By Rav Mordechai Torczyner
‏Rosh Kollel YU TMT Zichron Dov, Toronto

Why offer animals to an incorporeal, immortal and unhungry G-d? How could the ritual described in the opening verses of our parshah atone for sin?

In the 16th century, Rabbi Moshe Isserles (“Rama”) published Torat Ha’Olah to explain the Beit haMikdash and its services on philosophical and mystical levels. In it, he presented no fewer than thirteen reasons, culled from many centuries of diverse texts, to explain the roles of korbanot. His eleventh explanation emphasizes the power of human behaviour to shape our universe.

Rama referred to Rabbi Avraham Ibn Ezra’s 12th century comment on korbanot: “When one gives each portion at its proper time, then the [owner], who has a place in the next world, escapes [harm]. Thus the word l’chaper [to atone] means lateit kofer [to present a ransom], etc.” (Commentary to Vayikra 1:1) In other words: the korban is a lightning rod, absorbing punishment which had been meant for its human owner. As Rama explained, “A decree expressed via the constellations will not shift, if a bad fate has been decreed for this person. Hashem causes the decree to be fulfilled upon another [i.e. the korban], to save this person.”

This view is problematic, though. If a transgressor repents, as required before bringing a korban of atonement, then let G-d annul the decree! Why must anyone suffer? To understand Rama’s approach, we need to grasp what happens when a person sins.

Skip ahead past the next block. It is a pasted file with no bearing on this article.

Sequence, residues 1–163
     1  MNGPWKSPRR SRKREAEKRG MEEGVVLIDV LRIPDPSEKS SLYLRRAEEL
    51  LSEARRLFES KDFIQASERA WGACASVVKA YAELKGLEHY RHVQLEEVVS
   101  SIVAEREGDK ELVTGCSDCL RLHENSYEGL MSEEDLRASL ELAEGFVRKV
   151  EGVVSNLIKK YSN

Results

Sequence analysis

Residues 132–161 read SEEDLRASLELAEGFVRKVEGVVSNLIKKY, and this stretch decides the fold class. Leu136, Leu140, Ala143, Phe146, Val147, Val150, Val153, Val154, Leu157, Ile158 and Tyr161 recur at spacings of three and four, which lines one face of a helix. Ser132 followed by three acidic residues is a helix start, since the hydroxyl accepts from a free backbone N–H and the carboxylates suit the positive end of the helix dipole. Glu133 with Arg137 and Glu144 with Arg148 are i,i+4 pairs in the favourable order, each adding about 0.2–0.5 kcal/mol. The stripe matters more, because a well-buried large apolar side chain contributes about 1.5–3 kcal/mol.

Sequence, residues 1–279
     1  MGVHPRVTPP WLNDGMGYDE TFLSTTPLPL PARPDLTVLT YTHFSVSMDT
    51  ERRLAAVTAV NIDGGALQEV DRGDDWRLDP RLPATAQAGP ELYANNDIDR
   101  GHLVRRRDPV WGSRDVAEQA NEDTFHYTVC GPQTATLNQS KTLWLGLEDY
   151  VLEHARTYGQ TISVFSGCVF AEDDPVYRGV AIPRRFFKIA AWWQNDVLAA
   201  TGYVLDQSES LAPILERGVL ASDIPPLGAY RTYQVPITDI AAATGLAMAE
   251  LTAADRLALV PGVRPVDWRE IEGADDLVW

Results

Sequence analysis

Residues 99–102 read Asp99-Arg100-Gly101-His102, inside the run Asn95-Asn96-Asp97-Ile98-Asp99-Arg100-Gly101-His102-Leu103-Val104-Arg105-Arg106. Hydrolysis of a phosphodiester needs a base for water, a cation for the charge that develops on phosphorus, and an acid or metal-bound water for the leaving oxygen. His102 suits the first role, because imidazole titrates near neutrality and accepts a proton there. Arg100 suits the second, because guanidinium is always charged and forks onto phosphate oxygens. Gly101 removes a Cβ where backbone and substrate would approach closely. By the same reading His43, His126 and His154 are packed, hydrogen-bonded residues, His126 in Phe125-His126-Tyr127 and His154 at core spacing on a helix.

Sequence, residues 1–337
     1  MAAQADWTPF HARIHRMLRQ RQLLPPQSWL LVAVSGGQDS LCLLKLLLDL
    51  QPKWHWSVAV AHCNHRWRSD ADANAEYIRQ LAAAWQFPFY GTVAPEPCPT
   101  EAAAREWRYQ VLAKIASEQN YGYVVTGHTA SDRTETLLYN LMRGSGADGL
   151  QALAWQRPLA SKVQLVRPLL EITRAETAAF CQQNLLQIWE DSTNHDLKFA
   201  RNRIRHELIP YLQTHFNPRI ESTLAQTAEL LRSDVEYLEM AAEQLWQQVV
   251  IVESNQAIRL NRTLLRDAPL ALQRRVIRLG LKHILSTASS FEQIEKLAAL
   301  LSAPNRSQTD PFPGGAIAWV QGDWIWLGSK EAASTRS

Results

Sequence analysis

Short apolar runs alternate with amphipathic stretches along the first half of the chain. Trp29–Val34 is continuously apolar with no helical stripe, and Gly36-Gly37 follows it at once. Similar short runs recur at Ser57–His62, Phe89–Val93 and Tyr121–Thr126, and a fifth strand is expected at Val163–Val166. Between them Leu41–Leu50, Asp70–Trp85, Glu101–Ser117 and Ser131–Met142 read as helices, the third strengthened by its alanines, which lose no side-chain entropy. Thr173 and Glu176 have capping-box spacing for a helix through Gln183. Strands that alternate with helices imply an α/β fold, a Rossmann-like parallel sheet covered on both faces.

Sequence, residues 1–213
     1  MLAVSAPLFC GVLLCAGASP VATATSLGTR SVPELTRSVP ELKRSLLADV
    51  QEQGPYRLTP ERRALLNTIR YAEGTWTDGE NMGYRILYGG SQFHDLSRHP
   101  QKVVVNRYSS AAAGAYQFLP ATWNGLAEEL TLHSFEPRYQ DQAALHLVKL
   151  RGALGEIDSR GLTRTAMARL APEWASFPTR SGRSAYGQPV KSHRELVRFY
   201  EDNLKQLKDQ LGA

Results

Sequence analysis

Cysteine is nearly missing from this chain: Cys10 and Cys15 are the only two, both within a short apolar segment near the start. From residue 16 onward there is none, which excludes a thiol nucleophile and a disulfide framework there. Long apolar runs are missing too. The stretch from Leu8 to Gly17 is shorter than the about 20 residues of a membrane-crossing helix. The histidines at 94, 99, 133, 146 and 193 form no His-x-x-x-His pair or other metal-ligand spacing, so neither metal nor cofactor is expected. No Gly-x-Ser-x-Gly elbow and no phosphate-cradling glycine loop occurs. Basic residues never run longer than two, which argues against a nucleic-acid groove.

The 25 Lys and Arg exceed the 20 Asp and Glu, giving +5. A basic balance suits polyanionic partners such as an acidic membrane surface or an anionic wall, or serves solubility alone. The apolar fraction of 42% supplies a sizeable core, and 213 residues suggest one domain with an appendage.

Most of our world’s rules are either Real or Perceived.
· The “Real” arena includes laws of weather, health and physics. These are immutable, applicable regardless of anyone’s personal preferences or cultural ideals.
· The “Perceived” arena includes government legislation, social manners and popular fashion. These are conventions, binding only to the extent that we honour them. Even the term “laws” does not sit easily in this category.

The precepts of Judaism occupy an in-between space, bridging the two arenas. On one hand, the Torah expresses its laws as immutable Divine requirements. On the other hand, Judaism softens the impact of law, saying: “G-d desires the heart. (Sanhedrin 106b)” “G-d considers intent [to fulfill a mitzvah] as though one had fulfilled the mitzvah. (Berachot 6a)” Apparently, the laws of Judaism are flexible, in ways that a snowstorm or coronavirus is not. So why should a Divine decree of punishment be irreversible? Why do we need a korban as a proxy for the penitent sinner?

Ibn Ezra addresses this by arguing that spiritual law occupies the realm of the Real. Teshuvah is effective, but a price must be paid for violating Divine law; once a judgment for guilt has been issued, one cannot cancel the penalty.

This idea also reveals the power of mitzvot. Our tzedakah, Torah study and observance of Shabbat are more than checked boxes on a list of communal expectations; they are deeds which affect the universe in meaningful ways, as part of the Real category. The specifics of that impact lie in the foggy province of mystics, but the essential point is clear: Let us see our mitzvot not as private deeds which are meaningful only in our circle, but as real-world interventions, with a radiance as powerful as the brilliance of the sun.

May we merit that our deeds should be accepted like this light, and we should celebrate a Pesach of peace and health and complete redemption.